Look for the new piece to be up within a week to ten days.

Best,
John Bush
AMG Senior Managing Editor, Pop Music
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TalkingBook

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That's great to hear - better late than never.

Incidentally, I just checked about a week ago to see if Mr. Prato's review was still in place. Even though I'm still a bit confused on how such a blatant discrepancy can occur in the first place, I think it's great that you are acknowledging and attempting to fix the problem. This is much more than I can say for many other sites and services I use.

Thanks.
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louisvalentinejohnson

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I am requesting that you remove and stop selling my recordings as they all appear to be given a rating of two stars by your reviewers.
It does not seem right that you should be selling an artist's work that is hung with a label of low quality.
Thank You for taking care of this.
Lou V. Johnson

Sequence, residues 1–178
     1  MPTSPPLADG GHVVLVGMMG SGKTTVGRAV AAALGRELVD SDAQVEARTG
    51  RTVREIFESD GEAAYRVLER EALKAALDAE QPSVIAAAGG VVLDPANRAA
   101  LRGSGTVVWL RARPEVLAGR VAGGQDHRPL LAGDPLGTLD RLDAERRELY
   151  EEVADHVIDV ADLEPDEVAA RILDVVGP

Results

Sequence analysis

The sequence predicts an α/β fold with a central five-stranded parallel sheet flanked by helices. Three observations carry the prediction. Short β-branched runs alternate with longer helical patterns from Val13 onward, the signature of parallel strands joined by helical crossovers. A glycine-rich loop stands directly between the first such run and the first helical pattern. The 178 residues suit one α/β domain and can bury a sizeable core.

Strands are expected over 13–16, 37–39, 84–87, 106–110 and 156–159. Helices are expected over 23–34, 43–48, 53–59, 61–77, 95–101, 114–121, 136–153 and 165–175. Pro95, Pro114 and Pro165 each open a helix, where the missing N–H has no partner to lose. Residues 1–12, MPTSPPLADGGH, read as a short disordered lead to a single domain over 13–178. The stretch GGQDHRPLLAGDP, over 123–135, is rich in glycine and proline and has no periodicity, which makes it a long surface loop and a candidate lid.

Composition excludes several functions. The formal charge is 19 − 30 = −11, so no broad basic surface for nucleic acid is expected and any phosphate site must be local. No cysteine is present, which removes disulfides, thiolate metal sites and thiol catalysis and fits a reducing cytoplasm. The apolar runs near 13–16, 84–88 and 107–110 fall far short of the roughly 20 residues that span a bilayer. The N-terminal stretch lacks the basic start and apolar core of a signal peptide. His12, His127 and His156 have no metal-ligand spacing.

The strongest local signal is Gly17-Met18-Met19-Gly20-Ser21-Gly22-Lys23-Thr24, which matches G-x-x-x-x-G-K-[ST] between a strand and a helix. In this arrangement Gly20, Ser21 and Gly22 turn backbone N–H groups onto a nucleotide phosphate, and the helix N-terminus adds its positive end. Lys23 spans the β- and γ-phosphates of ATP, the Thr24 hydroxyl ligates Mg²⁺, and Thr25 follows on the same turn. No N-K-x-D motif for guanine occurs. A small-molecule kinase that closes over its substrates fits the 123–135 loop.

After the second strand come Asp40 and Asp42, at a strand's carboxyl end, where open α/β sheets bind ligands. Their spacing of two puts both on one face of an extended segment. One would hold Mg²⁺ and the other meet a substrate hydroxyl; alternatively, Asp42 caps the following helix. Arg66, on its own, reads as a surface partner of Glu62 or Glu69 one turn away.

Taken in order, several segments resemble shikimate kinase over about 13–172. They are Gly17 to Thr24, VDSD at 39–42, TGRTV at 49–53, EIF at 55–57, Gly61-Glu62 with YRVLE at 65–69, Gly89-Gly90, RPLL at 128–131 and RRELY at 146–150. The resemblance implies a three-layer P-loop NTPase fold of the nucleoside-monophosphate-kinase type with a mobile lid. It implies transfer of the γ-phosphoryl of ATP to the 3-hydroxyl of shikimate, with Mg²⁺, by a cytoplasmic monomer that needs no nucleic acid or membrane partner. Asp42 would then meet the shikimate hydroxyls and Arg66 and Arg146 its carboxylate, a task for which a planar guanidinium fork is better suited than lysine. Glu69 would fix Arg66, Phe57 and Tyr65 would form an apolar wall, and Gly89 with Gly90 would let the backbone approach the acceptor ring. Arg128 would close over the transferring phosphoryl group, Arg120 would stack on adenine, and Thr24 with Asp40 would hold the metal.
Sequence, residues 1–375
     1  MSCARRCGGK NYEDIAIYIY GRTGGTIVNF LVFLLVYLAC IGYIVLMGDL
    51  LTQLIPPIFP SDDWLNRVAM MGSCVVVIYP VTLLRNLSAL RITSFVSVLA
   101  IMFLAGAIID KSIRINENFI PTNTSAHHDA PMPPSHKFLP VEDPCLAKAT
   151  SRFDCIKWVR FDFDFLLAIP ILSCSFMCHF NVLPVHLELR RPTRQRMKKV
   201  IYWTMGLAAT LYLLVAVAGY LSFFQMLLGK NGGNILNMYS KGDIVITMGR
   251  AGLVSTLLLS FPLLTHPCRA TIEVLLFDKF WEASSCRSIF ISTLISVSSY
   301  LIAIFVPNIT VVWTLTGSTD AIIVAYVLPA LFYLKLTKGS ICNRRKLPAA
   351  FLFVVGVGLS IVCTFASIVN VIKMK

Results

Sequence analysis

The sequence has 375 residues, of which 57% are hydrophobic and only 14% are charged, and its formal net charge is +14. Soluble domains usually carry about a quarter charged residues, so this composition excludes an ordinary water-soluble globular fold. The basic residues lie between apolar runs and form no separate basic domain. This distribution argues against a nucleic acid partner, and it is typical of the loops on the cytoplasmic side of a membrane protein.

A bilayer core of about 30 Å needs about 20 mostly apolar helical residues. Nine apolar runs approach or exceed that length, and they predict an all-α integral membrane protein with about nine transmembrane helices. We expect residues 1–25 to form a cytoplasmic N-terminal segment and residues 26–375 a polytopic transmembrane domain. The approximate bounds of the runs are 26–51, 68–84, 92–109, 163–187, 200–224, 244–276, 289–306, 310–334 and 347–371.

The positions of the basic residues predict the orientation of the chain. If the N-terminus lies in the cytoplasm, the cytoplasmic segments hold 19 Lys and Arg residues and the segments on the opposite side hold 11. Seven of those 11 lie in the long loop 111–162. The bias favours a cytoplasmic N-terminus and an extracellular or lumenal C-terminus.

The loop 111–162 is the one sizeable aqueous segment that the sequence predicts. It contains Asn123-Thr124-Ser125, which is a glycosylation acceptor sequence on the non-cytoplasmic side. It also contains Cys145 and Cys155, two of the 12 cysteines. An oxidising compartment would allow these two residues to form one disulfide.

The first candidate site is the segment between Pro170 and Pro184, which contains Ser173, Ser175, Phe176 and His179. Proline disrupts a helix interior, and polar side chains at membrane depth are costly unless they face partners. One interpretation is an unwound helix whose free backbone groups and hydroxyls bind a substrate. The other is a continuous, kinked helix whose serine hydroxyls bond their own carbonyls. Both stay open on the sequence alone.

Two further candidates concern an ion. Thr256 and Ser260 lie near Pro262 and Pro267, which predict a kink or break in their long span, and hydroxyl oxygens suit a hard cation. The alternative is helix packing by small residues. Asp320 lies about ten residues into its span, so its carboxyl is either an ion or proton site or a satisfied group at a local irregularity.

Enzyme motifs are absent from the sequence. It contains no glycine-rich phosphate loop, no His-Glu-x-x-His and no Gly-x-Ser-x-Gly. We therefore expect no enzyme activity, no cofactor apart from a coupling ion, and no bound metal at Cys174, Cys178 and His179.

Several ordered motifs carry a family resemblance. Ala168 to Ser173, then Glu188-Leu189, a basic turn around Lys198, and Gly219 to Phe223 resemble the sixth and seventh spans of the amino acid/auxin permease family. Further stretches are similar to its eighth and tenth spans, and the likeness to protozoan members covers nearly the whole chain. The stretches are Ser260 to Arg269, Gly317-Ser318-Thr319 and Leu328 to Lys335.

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Dawn G.

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Hi Louis,

Thank you for your feedback. Allmusic is a site to help music lovers discover new music, revisit the classics and research their favorite artist. We do not sell any products directly on our site. If you have questions, please feel free to get in touch with us again. Thanks for stopping by!
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louisvalentinejohnson

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Thank you for your nice reply.
What I am asked you to do is remove your information about my recordings from your system.
When might you accomplish that please?
Thank You.
Lou V. Johnson
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paulkent4

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Dear Louis,